The Japanese scientist whose team was responsible for the breakthrough that enabled human skin cells to be reprogrammed to behave like stem cells, Shinya Yamanaka from Kyoto University, has estimated that stem cell treatments for some diseases could be as little as a decade away.
Stem cells have the ability to turn into any of the 220 different cell types found within the body, and therefore it is hoped they will play a crucial role in treating and curing illnesses by replacing damaged cells. Yamanaka's team's work has been significant primarily because it avoids the need to use viable embryos to create stem cells, which is ethically problematic for many people.
The cells created by Mr Yamanaka's team, called induced pluripotent stem cells (iPS), take three months to create. Therefore, Mr Yamanaka has recommended that an iPS cell bank be created to shorten the time it would take to develop a tailor-made treatment. Mr Yamanaka commented 'by making such a bank, we can cut the cost of treatment and also we can shorten the period which is required for the generation of iPS cells'.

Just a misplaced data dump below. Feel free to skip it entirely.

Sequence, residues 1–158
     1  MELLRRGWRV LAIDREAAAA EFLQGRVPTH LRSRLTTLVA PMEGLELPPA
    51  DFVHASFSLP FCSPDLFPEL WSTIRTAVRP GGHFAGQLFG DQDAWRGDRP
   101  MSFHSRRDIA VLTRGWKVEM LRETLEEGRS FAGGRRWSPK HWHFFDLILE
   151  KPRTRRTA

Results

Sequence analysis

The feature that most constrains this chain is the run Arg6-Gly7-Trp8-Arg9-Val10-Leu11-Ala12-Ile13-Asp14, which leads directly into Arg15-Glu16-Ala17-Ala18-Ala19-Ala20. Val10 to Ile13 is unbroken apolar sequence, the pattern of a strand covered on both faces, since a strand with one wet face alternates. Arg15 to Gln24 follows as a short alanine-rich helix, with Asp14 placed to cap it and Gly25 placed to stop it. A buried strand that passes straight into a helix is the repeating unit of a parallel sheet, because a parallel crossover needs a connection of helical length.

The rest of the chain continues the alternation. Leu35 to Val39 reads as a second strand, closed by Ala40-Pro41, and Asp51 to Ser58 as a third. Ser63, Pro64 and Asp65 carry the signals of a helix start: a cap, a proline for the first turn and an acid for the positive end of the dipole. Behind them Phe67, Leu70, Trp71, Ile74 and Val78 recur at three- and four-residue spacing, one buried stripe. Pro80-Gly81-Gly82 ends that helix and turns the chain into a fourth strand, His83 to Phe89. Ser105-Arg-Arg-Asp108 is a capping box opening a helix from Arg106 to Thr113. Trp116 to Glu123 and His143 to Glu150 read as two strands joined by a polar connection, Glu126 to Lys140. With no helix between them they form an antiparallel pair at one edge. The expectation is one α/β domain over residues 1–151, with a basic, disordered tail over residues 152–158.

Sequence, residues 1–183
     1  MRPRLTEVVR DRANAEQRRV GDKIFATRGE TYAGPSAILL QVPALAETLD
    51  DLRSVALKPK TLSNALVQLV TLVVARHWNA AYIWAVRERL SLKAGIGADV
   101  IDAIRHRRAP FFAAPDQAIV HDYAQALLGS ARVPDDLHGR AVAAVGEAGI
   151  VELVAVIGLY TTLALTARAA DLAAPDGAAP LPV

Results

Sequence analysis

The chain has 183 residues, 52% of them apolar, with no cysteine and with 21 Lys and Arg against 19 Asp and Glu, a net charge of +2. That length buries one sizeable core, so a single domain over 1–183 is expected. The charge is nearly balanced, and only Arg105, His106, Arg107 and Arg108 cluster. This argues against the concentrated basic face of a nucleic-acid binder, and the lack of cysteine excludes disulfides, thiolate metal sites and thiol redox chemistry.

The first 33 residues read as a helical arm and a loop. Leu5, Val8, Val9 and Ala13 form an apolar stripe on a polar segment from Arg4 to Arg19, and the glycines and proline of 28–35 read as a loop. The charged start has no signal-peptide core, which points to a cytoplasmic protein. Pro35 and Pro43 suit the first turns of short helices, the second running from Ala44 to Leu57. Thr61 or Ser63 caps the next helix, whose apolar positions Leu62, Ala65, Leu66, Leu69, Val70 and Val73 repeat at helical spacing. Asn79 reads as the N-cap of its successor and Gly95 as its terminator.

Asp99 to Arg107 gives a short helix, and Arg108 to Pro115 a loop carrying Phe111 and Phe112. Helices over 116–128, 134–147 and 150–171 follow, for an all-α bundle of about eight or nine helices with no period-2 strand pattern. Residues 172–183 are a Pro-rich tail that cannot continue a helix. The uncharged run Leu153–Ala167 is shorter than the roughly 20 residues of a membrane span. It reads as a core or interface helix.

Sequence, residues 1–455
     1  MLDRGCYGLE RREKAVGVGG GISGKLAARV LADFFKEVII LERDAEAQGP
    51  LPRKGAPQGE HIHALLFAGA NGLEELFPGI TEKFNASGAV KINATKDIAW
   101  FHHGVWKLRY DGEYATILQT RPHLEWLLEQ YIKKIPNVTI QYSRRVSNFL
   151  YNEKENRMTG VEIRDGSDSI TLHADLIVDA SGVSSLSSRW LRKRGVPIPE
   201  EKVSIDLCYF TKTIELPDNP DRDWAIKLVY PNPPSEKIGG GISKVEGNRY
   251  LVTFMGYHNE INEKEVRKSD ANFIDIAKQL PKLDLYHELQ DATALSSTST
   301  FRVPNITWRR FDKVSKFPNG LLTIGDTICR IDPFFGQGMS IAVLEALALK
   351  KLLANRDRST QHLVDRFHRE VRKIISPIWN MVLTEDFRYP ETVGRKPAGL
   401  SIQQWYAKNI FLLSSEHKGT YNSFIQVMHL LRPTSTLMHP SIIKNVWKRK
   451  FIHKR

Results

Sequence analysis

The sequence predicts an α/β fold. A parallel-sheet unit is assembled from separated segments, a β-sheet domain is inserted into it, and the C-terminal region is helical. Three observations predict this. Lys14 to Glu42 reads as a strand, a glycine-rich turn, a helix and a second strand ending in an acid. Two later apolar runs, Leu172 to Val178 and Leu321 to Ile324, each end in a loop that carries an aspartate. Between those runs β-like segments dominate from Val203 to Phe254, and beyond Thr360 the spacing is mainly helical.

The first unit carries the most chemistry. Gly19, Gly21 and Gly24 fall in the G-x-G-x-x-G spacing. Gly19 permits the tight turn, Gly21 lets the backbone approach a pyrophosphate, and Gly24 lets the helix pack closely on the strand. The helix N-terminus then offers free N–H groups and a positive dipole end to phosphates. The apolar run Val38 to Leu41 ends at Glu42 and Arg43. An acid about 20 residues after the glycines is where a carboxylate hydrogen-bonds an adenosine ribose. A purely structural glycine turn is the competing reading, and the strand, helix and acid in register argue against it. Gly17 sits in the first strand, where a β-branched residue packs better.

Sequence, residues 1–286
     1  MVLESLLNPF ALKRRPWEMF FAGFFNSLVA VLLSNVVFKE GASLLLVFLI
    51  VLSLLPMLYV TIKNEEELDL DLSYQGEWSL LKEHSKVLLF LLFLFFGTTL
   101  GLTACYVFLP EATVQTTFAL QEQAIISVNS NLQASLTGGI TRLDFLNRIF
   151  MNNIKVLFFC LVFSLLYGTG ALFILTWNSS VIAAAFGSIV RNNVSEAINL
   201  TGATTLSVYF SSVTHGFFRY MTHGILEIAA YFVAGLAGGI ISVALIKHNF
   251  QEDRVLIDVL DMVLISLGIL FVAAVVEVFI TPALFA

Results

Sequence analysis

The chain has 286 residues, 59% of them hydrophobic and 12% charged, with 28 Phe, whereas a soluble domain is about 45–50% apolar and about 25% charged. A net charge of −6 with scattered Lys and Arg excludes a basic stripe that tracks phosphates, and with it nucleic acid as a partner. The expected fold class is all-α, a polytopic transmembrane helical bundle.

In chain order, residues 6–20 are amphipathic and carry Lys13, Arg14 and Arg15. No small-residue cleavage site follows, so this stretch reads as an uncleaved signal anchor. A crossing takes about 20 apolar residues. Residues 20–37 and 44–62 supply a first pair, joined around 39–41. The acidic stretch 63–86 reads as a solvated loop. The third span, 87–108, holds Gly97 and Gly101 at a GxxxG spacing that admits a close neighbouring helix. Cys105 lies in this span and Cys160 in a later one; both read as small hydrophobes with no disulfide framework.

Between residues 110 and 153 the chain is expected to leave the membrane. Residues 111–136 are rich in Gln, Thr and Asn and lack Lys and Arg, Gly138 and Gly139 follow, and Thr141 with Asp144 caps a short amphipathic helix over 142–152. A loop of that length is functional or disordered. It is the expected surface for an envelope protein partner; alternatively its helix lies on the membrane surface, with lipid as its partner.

However, there are still problems with the use of iPS cells, which means that many research laboratories are still pressing ahead with embryonic stem cell (ES cell) research. Kevin Eggan, a stem cell biologist at Harvard University, has warned that because iPS cells are genetically changed they may not be safe. Therefore, until they have been deemed risk-free for clinical trials, Eggan predicts that the demand for ES cells will remain, and that they will still be a better option than the reprogrammed cells, despite the ethical objections. Richard Murphy, president of the California Institute for Regenerative Medicine, also considers ES cells to be the 'gold standard' in research.
Meanwhile, Yamanaka also reported that other laboratories in the US and Japan were now also producing iPS cells, and maintained their potential for patients awaiting treatment. 'All you need is basic technology, cell biology, you don't need special technology or equipments', said Yamanaka, who also emphasised the increasing competition in this area of research since his discovery of iPS cells last November. He estimated that while stem cell treatments might be available for some diseases within a decade, others could take considerably longer.